RWE has 25 million customers across Europe, and its chief aim seems to be retaining those customers. The question it is now facing is how to continue serving them in a satisfactory way in the fast-changing retail electricity market.

“In the future RWE’s competitive edge will be determined by our ability to be a service company applying energy supply capabilities and information technologies intelligently,” the strategic roadmap states.


However, that’s all easier said than done. The roadmap notes three major challenges RWE faces in transforming itself in this way. Karel summarizes and quotes them here:

The first is “customer centricity”, which “will become a critical capability which we have not sufficiently addressed yet.”

Secondly, the strategy paper notes that “developing an innovative and profitable prosumer business model is a challenge we also need to address successfully as we see a billion-euro market emerging alongside our traditional value chain”.

Thirdly, it says that “we have to manage innovation more creatively and professionally in future. We need to establish a culture, structures and processes that allow us to develop new business models which go beyond incremental improvement of the existing value chain. In a highly uncertain and volatile business environment, we need to transform ourselves from a ‘risk mitigation’ to an ‘uncertainty management’ company.”

RWE’s strong positions in the electricity trading market as well as distribution grids are assets the company intends to continue developing and profiting from. However, it is outright in saying that its large thermal power plants are simply to become backup power providers. And its generation portfolio and business are “driven by the following convictions….”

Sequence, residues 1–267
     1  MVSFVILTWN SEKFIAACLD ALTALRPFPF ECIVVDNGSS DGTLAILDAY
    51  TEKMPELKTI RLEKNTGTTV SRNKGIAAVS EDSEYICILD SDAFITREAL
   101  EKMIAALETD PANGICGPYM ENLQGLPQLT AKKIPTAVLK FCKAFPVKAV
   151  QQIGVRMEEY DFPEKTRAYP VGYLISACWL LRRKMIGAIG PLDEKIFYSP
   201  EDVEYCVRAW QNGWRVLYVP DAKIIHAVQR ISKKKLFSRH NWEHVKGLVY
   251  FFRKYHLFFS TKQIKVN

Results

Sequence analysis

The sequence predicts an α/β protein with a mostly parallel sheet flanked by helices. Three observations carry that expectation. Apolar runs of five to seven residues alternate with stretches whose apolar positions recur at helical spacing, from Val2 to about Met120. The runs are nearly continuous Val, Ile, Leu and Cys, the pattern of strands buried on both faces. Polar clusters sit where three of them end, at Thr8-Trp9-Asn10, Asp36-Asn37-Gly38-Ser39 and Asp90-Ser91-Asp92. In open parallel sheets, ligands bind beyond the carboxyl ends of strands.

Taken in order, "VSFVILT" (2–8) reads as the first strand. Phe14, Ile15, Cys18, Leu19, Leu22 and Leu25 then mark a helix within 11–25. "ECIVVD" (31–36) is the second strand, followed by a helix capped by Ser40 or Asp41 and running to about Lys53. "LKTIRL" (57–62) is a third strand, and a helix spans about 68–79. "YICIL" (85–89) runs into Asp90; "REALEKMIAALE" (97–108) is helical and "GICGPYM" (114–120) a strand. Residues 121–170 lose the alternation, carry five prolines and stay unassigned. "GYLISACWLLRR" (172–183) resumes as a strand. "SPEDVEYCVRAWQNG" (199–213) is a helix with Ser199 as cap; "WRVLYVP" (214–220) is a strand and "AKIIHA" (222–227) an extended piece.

[A]lthough we see a huge build-up of a renewable generation infrastructure ( … ) the demand for reliable capacity will not decline significantly any time soon. The system requires roughly 260 GW of reliable capacity in Central-Western Europe in 2013 and will not require much less in 2030.

The second conviction, which partly breaks with the targets of the present strategy, is that portfolio churn is not an option any more. We have to live with our assets and make the best of them.

Last but not least: Currently, backup capacity is needed but not adequately remunerated. This is the result of an ultimate and irreversible distortion of the present market design. This situation will end at the end of this decade at the latest.

RWE intends to immediately and consistently scale down and restructure its generation portfolio, shifting to a focus on flexibility and efficiency, in order to survive and excel in this new power market. [Next time a baseload/fossil-nuke troll pops up in a comment thread you are reading, be sure to refer them here!]

“[I]n a market still oversupplied with capacity cost, leadership and efficiency will be key differentiators in competition,” RWE writes.

RWE is also determined to fight for market-design policies that support its assets, but in a way that doesn’t portray the company as simply another greedy company.

In the long term, RWE with its present asset base should find its role as the most efficient capacity and base-load provider for Europe. Whatever market design replaces the present one, it is very likely that it will contain a significantly higher level of regulation and administrative intervention. That means that RWE needs to offer its expertise in order to contribute to the political opinion forming process in a credible, trustworthy but also self-confident way.